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Should Muslims have faith based health services?

BMJ 2007; 334 doi: https://doi.org/10.1136/bmj.39071.595301.94 (Published 11 January 2007) Cite this as: BMJ 2007;334:75
  1. Aneez Esmail, professor of primary care
  1. 1School of Primary Care, University of Manchester, Manchester M14 5NP
  1. aneez.esmail{at}manchester.ac.uk

    At a time when many government and public bodies are recognising the importance of engaging with faith communities, Aziz Sheikh advocates that the UK should provide specific health services for Muslims. But Aneez Esmail argues that such services could enhance stigmatism

    How we judge human identity is central to the question of whether we monitor religious identity in healthcare settings. The reality is that identity is not singular but complex and encompasses ethnicity, religion, social class, and even the value systems of our parents and other influential figures.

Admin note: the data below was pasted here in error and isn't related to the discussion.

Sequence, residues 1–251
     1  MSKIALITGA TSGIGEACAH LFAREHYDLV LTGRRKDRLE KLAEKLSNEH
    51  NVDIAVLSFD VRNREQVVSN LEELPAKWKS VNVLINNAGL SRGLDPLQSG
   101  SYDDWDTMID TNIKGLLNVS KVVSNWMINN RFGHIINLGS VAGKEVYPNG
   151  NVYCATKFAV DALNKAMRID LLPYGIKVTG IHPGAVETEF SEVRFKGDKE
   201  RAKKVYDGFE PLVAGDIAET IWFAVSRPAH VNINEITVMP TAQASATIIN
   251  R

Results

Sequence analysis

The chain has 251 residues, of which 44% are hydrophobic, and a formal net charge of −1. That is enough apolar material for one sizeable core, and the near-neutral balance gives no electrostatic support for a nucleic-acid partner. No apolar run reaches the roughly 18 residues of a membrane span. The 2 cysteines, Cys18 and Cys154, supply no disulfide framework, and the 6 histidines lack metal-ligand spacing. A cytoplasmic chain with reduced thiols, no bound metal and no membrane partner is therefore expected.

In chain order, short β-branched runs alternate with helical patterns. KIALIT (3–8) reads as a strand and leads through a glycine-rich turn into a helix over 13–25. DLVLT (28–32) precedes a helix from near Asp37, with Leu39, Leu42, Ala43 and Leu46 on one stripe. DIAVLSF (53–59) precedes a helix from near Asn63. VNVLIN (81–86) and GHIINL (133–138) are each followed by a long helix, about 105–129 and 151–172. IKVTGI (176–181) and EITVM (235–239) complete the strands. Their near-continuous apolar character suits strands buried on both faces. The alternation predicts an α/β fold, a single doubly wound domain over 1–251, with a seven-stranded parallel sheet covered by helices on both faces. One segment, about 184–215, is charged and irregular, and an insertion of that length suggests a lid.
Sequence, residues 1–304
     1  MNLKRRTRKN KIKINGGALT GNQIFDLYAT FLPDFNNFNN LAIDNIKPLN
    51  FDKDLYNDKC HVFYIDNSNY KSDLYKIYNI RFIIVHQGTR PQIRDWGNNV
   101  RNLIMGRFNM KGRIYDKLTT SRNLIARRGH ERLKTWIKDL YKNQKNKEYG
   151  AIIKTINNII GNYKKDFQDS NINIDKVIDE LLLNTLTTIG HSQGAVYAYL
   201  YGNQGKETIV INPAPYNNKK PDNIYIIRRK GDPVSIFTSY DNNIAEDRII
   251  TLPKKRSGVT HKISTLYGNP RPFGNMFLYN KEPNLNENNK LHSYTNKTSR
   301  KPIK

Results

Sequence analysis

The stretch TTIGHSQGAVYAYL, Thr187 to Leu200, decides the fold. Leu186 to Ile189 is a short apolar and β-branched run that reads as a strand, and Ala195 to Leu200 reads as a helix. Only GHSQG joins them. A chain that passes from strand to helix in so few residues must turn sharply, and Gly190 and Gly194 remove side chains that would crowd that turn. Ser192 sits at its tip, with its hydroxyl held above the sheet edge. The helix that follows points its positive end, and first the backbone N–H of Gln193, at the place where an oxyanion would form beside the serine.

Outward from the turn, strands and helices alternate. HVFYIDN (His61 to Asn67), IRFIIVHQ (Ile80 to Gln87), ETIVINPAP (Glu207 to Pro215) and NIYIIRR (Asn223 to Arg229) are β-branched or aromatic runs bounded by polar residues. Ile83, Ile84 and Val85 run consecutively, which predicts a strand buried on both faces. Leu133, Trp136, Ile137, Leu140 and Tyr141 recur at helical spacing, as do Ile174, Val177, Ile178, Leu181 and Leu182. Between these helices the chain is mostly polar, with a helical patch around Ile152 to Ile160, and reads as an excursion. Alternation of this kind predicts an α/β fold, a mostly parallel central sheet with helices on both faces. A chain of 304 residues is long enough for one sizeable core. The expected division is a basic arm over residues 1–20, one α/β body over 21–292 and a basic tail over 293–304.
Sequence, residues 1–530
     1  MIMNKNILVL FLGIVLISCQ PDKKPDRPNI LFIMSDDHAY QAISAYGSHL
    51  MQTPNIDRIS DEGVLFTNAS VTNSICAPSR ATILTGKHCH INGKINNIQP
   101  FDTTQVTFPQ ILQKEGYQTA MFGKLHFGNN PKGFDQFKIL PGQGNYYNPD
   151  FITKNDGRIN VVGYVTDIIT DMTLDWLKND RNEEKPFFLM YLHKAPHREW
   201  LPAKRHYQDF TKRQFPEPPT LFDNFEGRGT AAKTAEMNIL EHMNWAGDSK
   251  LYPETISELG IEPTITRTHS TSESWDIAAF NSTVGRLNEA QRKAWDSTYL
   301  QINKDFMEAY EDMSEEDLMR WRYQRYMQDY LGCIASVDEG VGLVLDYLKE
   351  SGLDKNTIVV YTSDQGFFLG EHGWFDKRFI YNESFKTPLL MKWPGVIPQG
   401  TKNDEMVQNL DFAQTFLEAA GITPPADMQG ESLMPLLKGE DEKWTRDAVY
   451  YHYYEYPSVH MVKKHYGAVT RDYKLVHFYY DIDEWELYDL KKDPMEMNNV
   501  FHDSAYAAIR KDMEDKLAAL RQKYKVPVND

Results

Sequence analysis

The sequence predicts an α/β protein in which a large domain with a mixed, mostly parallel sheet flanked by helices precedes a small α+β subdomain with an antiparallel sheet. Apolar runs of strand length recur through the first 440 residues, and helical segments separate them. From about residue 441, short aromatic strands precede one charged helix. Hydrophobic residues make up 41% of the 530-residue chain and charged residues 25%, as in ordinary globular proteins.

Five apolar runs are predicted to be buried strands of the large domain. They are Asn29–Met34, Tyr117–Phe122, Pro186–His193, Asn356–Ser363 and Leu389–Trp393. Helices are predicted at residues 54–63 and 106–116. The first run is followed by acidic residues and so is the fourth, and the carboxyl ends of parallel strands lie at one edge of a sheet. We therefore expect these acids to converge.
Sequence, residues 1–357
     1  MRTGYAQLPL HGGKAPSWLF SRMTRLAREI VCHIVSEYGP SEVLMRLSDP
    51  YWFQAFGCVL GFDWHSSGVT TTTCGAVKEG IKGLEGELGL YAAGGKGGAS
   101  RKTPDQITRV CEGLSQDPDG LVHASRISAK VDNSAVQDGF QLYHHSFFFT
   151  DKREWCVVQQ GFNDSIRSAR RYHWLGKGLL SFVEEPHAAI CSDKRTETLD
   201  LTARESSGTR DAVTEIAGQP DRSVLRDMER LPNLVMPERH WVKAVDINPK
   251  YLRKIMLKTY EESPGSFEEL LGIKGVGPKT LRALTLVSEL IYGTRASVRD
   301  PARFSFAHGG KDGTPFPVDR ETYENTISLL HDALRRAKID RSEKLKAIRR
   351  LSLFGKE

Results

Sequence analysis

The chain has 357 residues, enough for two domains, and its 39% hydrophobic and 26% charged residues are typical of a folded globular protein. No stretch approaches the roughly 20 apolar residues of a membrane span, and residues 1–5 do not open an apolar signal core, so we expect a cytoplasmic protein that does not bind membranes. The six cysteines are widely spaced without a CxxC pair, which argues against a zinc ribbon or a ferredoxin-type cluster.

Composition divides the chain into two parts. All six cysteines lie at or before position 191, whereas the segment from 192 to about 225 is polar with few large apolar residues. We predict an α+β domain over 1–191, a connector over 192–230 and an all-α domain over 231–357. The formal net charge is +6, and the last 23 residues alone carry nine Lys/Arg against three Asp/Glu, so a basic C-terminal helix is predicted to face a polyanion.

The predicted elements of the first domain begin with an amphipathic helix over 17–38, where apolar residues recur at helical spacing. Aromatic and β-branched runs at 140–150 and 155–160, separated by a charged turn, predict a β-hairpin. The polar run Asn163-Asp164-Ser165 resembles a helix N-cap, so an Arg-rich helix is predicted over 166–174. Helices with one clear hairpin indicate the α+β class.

History is replete with examples where the fostering of a singular identity is subsequently used to encourage violence and persecution against people who are not conceived as being part of that identity—the holocaust, communal violence between Muslims and Hindus in India, the genocide committed by Hutus against Tutsis in Rwanda, and the ethnic violence between Serbs, Croats, and Bosnian Muslims in the former Yugoslavia are a few modern day examples. The terrorist attacks in New York in 2001 and London in 2005, the continuing conflict in the Middle East, and the war in Iraq have led many people to question the relationship that Muslims in the West have with their governments. Crude categorisations of Muslims and their beliefs, Samuel Huntington's popularisation of the theory on the clash of civilisations, and …

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